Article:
Molecular diffusion can be used as a probe of the microstructure and organisation of materials and biological tissues.
Biomedical applications of diffusion include diffusion-tensor imaging, which has been used as the basis for nerve fibre tractography in the brain, as well as microstructural imaging of tissues and materials. Diffusion measurements of tissues and biomaterials can reveal the organisation and anisotropy of their structural scaffold (e.g., collagen fibres or muscle cells).
In the oil and gas industry, the diffusion propagator in porous media is used to probe the structure and connectivity of the pore space of sedimentary rocks. This can be used to obtain the long-range permeability, tortuosity of the pore space and the surface-to-volume ratio of the pores-parameters crucial for characterising the viability of oil and gas reservoirs.
Quantitative interpretation of diffusion measurements often requires the use of molecular simulations for translating the results of experimental measurements into morphological characteristics of the material studied.
The aim of this project is the development of novel analytic approaches to interpretation of measurements of diffusion in restricted environments, with a view to applying the results in petrophysics (especially characterisation of sedimentary rocks) and biomedicine (diffusion-tensor imaging of biomaterials and tissues).
A combination of numerical, experimental and analytic tools can be used in this project:
- Numerical simulations: Monte Carlo and Langevin dynamics to sample the restricted diffusion tensor.
- You will use QUT supercomputers on these simulations and obtain first-hand experience in computer programming and computational molecular physics.
- Markov Transition Matrix (MTM): a new diffusion simulation technique that has been developed in Konstantin Momot's research group.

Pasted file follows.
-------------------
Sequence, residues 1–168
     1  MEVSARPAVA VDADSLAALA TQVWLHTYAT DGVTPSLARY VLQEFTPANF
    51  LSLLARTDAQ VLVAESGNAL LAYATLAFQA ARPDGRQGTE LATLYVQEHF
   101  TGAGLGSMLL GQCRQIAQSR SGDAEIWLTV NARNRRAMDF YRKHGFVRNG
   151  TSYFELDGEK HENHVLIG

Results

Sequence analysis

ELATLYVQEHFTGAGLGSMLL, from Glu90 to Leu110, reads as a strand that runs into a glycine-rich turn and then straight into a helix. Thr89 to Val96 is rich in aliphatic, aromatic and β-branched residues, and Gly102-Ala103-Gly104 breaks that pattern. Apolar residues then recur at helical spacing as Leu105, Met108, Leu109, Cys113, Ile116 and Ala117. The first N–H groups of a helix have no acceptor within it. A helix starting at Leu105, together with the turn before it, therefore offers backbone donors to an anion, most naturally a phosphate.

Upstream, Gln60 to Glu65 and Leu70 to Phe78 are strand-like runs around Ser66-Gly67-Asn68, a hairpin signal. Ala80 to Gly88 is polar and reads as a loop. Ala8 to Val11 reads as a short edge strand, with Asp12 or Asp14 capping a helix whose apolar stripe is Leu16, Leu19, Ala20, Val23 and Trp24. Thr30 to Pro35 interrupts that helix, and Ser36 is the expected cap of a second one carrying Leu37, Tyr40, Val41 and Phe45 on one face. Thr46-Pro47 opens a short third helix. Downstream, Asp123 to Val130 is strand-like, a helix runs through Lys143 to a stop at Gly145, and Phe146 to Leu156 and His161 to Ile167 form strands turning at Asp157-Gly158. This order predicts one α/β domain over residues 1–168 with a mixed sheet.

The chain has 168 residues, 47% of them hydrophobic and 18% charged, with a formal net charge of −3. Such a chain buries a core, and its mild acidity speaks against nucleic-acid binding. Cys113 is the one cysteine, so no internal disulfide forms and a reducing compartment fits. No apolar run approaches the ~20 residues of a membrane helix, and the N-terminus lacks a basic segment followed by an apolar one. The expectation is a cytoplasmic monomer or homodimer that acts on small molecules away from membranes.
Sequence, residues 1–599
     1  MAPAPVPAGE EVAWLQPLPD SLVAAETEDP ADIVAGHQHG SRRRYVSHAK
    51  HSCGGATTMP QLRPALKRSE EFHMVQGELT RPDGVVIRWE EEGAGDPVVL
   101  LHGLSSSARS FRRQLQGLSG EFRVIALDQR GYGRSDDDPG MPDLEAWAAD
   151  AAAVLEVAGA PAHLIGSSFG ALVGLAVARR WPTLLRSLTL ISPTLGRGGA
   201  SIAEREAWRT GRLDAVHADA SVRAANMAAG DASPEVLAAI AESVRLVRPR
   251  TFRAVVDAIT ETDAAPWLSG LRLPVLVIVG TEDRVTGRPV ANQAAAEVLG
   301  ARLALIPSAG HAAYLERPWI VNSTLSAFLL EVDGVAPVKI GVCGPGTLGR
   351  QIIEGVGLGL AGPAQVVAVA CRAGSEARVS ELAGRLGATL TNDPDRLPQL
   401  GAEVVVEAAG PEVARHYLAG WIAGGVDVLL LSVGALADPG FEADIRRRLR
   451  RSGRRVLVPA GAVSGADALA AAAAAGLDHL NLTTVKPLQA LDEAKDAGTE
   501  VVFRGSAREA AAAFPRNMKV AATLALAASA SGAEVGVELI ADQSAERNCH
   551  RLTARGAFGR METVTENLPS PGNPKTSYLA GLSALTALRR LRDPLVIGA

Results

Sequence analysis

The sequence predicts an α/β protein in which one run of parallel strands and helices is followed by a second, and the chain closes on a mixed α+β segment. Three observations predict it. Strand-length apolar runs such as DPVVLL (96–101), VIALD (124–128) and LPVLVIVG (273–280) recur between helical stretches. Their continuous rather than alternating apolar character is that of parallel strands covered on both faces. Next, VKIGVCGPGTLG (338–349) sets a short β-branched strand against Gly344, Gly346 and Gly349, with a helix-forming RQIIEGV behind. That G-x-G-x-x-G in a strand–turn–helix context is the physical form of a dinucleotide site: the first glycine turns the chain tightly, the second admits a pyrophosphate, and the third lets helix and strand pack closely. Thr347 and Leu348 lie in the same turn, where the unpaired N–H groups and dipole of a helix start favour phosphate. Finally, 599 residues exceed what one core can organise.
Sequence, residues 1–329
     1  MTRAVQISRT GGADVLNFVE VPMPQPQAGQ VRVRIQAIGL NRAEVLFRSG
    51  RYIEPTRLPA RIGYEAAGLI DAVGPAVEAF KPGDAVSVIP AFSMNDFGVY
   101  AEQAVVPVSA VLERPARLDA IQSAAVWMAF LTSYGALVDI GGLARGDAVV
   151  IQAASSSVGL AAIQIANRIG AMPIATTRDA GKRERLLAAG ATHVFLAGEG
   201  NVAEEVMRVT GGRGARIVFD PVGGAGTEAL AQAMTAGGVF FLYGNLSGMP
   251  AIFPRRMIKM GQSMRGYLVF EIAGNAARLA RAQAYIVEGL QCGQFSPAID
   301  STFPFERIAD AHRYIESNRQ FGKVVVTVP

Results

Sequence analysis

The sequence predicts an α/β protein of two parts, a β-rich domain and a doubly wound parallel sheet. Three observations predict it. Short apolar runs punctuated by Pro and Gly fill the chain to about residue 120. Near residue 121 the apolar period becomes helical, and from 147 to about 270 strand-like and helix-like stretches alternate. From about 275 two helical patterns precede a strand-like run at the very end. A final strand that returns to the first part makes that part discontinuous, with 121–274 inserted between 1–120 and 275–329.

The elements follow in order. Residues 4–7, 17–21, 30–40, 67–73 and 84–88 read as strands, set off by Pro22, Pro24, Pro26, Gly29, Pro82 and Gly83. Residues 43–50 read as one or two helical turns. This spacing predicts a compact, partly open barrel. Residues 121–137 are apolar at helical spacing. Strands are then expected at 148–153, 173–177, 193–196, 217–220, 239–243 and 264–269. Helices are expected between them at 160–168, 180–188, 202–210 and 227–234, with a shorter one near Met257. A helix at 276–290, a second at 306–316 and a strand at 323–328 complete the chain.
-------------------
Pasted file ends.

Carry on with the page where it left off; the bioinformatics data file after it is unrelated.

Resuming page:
- You can work on furthering its development and application to model biological tissues.
- Analytic methods, including the use of the Fourier transform to explore the q-space in order to understand the behaviour of the diffusion coefficient at different time scales.
- This is “pen-and-paper” analysis of restricted diffusion aimed at understanding the fundamental connection between diffusion and pore space.
- A blend of analytic techniques and computer simulations in order to explore the relationships between the morphology of the diffusion environment and the diffusion propagator, autocorrelation functions and spectral densities of motion.
We expect to develop novel approaches to the modelling of molecular diffusion in materials, tissues and similar complex environments
Skills and experience
Ideally you should have a strong background in mathematics, an interest in molecular physics and programming skills.
You may be able to apply for a research scholarship in our annual scholarship round.
Contact the supervisor for more information.